What's my budget?

PR tools are normally priced along three parameters:

  • Number of user seats
  • Usage
  • Features

The most common use-cases tend to come pre-bundled in subscription tiers, and it's worth remembering that the lowest tiers may not be the most cost-effective option for you.

To use Prezly as an example, a lower subscription tier that gives two users the option to publish four newsrooms costs more than a Premium Plan that includes up to five newsrooms as well as extra features, like user permissions, coverage logging and a portfolio hub room.

That's why it pays to use any online price calculators available or speak with the team about your particular requirements when evaluating the best PR management software for you.

Use price calculators to compare pricing across subscription tiers
Use price calculators to compare pricing across subscription tiers

It's also worth exploring whether the software you're eyeing offers specialized pricing for your particular use-case – many tools offer discounts for NGOs, while some have an agency pricing plan.

Whatever your current position, think about what you want from the software now and whether that's likely to change in the next year or two. Are you planning to grow your team? Or maybe you'll want to set up an extra newsroom or two down the line, or a PR portfolio?

You don't need to have all the answers, but having an idea of how your software needs might evolve in the near term will help you get a feel for how much it's likely to cost you over the next few years.

When working out your budget, you'll probably already be taking into account any existing software subscriptions that this new tool could save you. But you should also be mindful of the softer gains an all-in-one PR tool can bring, such as the time saved collaborating with your coworkers, switching between multiple tools, or waiting to hear back from IT or marketing about publishing your latest newsroom updates.

Still need help making up your mind? Let's see if we can simplify things.

How to evaluate PR software ✅

Several of these tools offer free trials, which I personally find the best way to establish whether or not a piece of new software is right for me. Demos are helpful too, but it's usually difficult to get a good idea of how a tool impacts on your day-to-day until you're, well, actually using it.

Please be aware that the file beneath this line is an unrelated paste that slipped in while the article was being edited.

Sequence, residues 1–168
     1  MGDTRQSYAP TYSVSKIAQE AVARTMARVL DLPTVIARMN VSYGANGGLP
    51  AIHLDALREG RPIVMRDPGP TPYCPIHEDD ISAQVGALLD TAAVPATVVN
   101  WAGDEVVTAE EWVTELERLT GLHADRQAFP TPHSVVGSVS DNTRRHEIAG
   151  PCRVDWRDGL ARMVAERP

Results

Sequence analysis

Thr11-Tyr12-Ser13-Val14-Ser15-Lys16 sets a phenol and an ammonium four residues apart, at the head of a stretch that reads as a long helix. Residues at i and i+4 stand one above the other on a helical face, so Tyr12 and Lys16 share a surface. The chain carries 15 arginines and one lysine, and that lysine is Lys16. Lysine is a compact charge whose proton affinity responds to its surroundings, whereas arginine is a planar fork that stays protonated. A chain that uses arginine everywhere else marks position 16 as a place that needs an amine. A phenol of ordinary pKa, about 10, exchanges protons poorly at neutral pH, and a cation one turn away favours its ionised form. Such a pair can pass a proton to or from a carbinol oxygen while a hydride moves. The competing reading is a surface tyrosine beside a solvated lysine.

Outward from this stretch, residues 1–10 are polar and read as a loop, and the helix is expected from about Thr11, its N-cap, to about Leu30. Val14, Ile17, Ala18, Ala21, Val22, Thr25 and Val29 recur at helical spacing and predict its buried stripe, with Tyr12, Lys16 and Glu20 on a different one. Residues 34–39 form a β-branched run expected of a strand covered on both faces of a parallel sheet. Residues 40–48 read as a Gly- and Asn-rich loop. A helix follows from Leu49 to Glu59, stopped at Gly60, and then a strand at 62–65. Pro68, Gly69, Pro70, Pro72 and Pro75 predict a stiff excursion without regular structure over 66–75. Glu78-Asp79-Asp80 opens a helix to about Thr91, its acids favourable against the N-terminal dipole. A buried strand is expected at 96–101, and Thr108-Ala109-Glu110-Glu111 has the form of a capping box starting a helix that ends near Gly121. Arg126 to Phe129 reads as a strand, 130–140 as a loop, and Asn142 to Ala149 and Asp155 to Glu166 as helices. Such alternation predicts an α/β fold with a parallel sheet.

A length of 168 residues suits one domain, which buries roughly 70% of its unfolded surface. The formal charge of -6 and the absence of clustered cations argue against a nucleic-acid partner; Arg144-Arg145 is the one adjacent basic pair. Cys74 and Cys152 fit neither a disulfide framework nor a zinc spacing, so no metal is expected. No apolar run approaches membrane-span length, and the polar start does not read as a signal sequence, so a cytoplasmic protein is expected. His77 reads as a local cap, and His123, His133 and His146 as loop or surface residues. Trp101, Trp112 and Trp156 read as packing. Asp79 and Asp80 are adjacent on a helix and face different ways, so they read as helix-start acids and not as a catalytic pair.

Of course, a trial will only give you as much as you're willing to invest in it.

Here are a few guidelines to make sure you don't waste your free days with your shiny new plaything.

1. Outline your workflow

Before you begin, outline what it is that you actually do every day – i.e. your workflow. That should include any frustrations and tasks that take up a disproportionate amount of your time, as well as a wishlist of things you would like to try in the near future. (This wishlist may well be the reason you're looking at new PR software in the first place!)

Your outline might look something like this:


  • Check email for replies from media contacts, update any details in Excel
    • Frustration: can't see if someone else of the team has made changes to spreadsheet; sometimes contact details are changed and I don't know if it's by accident or on purpose
  • See who has not responded to the last campaign and plan follow-up
    • Frustration: working with Mandy on this one, so have to coordinate with her to see who's replied, but she's off for the rest of the week for her cat's birthday 😩
  • Email [xyz] journalists with photos and video assets for [brand]
  • Find a way to get the latest press release draft off Mandy's computer 😑 if can't, tidy up last version we have
  • Send Word draft of new press release to [client] for sign-off
  • Set alarm for 2:30am to hit send on campaign for the Life–Work Balance Institute
  • Wishlist:
    • Find a better way to store and share media assets
    • Get a view of which journalists are good bets to follow up with
    • Find a better way to share working drafts between self and Mandy/Mandy's cat


Ok, now the reason you put yourself through that exercise isn't to make yourself completely jaded about your career.

This list gives you a great starting point from which to approach your PR software search.

From the list above, we can see that Mandy's coworker would benefit from being able to share things like contacts and press release drafts within their team, and even with clients. We also know that they're currently using Excel to store contact data, and Microsoft Word for drafting press releases, which means there's a huge opportunity to free up their time with something like a CRM (contact relationship manager) or an online newsroom tool. It also sounds like they need to be able to share media assets with select contacts, meaning that the option to publish a press kit or at least store those assets online could go a long way.